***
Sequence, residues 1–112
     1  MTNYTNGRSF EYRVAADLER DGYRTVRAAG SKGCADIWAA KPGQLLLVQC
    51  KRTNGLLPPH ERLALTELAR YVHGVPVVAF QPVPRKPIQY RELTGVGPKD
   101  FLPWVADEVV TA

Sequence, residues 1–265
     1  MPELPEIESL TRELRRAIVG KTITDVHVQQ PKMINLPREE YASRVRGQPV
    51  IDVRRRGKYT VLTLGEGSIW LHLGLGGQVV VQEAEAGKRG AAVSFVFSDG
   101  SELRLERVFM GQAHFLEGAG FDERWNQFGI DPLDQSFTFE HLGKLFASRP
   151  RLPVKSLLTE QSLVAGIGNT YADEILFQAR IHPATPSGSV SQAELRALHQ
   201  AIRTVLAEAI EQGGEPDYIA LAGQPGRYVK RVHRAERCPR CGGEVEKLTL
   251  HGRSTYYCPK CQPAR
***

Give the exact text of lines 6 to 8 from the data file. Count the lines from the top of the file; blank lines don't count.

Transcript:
     1  MPELPEIESL TRELRRAIVG KTITDVHVQQ PKMINLPREE YASRVRGQPV
    51  IDVRRRGKYT VLTLGEGSIW LHLGLGGQVV VQEAEAGKRG AAVSFVFSDG
   101  SELRLERVFM GQAHFLEGAG FDERWNQFGI DPLDQSFTFE HLGKLFASRP